By Philip Sage

Work instructions are written documents intended to convey how to do a job.

They are an integral part of the process that begins with designing the maintenance strategy using RCM and ends with the execution of the work delivering value to the machine.

Just how important is it to develop and produce excellent work instructions?

As a simple thought – if our work instructions are poor, or if our training is less than adequate – we would “expect” our work execution to be less than 100%, and induce hidden failures and machine breakdowns in the future weeks.

Designing an experiment to measure the effectiveness of work instructions is a formidable challenge so when a chance to gain some insight into why this task is vital to your success, I will share a recent experience(experiment).

Recently I had the chance to interact with a talented team and discovered why work instructions often fail to produce the desired result – which I will call a “well executed job”.

The challenge was to build a software model of a very simple machine and predict its outcome.

To make sure the “work force” was well trained they participated in dedicated training for 12 hours to learn how to perform this task. All were “experienced” in their area of expertise, and familiar with the broader concepts.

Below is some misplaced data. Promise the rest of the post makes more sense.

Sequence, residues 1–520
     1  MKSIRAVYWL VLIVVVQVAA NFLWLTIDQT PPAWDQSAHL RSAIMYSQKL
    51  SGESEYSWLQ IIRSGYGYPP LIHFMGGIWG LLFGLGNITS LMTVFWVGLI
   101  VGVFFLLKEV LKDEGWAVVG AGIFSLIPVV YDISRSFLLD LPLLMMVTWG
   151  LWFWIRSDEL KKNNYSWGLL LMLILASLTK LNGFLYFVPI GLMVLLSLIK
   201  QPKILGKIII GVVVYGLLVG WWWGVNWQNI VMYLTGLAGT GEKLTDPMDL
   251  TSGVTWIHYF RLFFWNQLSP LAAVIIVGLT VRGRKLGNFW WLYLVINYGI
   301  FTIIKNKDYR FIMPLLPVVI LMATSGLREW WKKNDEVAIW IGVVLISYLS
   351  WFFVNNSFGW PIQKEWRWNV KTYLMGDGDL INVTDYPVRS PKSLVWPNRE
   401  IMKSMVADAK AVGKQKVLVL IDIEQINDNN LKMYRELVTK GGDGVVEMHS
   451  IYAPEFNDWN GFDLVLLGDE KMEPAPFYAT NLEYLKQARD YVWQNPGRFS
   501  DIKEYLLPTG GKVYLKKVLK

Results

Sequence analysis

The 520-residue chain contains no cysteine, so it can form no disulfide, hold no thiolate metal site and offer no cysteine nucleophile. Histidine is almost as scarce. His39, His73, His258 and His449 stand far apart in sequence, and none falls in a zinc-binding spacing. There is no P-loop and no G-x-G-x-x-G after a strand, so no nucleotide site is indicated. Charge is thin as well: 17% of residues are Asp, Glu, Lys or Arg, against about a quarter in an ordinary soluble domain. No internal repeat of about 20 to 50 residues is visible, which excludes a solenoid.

Each participant was given a very detailed 5 page work instruction document.

The task was simple ->requiring each student to follow a written work instruction that was contained on the 5 pages – including exact screen shots of the finished product, and intermediate step results.

QA AUDIT:
The written work instruction also included screen shots of database view of the data required to be populated into the software model so the users of the document could self check their data input.

TIME PRESSURES:
To add some realistic pressures and increase the chance of human factors interacting with the exercise, a time limit was imposed of 1.5 hours.
The purpose of the exercise was to type the data into the software Just a step above data entry – reinforcing the previous training provided on how to utilize the software, and then build upon the base model to enhance some fundamental concepts about reliability.

 

About Philip Sage

SAP PM Expert - Design Architect of Green Field SAP and Reliability Plant. SAP MM QM, HR, PP extremely knowledgeable. Configured SAP DMS and integrated with SAP PM.

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